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Processing WSDL documents with XSLT

Tips and tricks for transforming Web service WSDL documents using XSLT stylesheets

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In the world of Web services, Web Services Description Language (WSDL) documents describe the interfaces provided by Web services -- and indicate where instances of those Web services can be found on the network. In general, WSDL documents are composed and consumed with the aid of various development tools. As with virtually all Web service related information, WSDL documents are expressed as standard XML documents.

One of the strengths of XML is the availability of increasingly powerful tools to process the data. One such tool, XSLT, can be used to effect complex transformations on XML data. Since WSDL documents are expressed as XML, it is possible to automate a wide variety of WSDL conversion tasks using XSLT. This article describes some of the approaches that have proven useful in processing WSDL documents with XSLT (and some that haven't) and lists some general techniques that can be applied to simplify automated processing of WSDL documents.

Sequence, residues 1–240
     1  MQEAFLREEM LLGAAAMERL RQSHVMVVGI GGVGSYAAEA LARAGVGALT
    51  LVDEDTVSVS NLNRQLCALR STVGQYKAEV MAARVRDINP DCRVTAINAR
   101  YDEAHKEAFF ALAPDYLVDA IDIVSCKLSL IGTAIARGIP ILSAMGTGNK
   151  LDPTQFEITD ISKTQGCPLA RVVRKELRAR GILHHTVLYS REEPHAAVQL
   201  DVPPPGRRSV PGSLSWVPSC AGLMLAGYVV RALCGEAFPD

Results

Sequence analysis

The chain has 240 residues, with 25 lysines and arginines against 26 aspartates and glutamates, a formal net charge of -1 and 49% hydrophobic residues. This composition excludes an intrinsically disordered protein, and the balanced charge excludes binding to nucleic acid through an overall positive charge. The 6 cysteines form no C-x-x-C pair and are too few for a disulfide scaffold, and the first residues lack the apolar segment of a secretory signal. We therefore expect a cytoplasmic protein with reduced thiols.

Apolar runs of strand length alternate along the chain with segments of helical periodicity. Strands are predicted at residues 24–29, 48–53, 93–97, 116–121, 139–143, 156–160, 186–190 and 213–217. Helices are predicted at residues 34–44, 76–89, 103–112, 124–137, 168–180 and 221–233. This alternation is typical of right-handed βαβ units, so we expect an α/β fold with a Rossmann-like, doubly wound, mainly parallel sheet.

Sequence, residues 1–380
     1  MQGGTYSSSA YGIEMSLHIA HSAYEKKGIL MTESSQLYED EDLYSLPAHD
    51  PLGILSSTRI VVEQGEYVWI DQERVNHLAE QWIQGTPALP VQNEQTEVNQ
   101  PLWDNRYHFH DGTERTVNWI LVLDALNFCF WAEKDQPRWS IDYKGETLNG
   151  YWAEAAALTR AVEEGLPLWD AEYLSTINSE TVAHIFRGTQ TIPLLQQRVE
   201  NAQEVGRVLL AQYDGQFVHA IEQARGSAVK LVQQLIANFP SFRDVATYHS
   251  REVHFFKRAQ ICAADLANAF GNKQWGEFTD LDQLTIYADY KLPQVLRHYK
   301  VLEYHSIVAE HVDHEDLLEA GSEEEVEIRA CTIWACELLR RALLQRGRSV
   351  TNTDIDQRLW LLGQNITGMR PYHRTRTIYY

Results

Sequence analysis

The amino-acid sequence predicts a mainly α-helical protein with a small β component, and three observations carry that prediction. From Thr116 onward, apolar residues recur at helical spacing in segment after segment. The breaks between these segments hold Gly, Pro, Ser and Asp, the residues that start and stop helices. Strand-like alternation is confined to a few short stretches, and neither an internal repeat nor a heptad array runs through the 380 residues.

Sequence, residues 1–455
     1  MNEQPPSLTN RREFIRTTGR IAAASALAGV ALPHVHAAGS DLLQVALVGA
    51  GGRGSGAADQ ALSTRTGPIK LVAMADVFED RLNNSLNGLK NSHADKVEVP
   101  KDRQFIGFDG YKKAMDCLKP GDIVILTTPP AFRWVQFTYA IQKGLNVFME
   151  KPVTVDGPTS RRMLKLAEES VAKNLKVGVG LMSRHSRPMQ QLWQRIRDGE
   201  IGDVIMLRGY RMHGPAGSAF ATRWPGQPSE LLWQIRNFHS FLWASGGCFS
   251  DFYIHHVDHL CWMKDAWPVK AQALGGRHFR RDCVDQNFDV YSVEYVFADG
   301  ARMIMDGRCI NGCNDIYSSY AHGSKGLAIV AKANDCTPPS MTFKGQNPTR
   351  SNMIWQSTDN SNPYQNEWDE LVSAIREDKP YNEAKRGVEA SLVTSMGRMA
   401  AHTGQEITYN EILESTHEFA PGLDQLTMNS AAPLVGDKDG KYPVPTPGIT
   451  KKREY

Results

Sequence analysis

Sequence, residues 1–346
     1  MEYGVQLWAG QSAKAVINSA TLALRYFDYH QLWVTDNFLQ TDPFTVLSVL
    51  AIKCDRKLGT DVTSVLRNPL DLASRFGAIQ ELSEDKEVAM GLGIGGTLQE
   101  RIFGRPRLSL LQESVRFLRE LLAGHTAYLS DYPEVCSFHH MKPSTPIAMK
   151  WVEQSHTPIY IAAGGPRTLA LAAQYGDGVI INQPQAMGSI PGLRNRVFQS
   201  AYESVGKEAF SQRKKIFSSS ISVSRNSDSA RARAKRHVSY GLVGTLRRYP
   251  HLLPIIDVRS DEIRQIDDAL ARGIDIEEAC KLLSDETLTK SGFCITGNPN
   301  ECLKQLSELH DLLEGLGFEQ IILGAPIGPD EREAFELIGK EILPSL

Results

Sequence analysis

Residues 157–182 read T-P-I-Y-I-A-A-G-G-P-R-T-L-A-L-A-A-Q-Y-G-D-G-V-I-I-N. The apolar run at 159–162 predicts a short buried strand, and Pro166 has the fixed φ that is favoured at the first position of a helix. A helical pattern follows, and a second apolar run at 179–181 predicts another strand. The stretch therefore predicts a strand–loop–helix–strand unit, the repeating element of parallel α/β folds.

This document assumes a working knowledge of both WSDL and XSLT. The following links on IBM developerWorks offer useful background information:

SAX and DOM versus XSL

There are two basic approaches to modifying a WSDL document. The first uses a language such a Java or C and an XML-parsing API such as SAX or DOM. The original WSDL document is read, its contents parsed and modified by the algorithm and the modified WSDL document constructed -- either by manually assembling the document out of strings or by using a language-specific XML library. The second approach utilizes an XSL transform that specifies how the input WSDL document should be manipulated to produce the output WSDL document. While many of the techniques described here apply to the first approach, the XML approach has several advantages:

  1. General-purpose languages have no special constructs for dealing with XML documents. While it is certainly possible to use them for such tasks, it requires much more effort to achieve equivalent results.
  2. With a general-purpose language, the concepts behind the transformation get lost in the sheer volume of code necessary to achieve it. The relative terseness of the XSL transform makes the underlying concepts more apparent and thus easier to debug and maintain.
  3. XSL transforms can be processed by a number of different tools, many of which are already widely available. For example, the ant build tool, the libxslt package available on most Linux distributions, the Java runtime environment and many Web browsers can execute XSL transforms.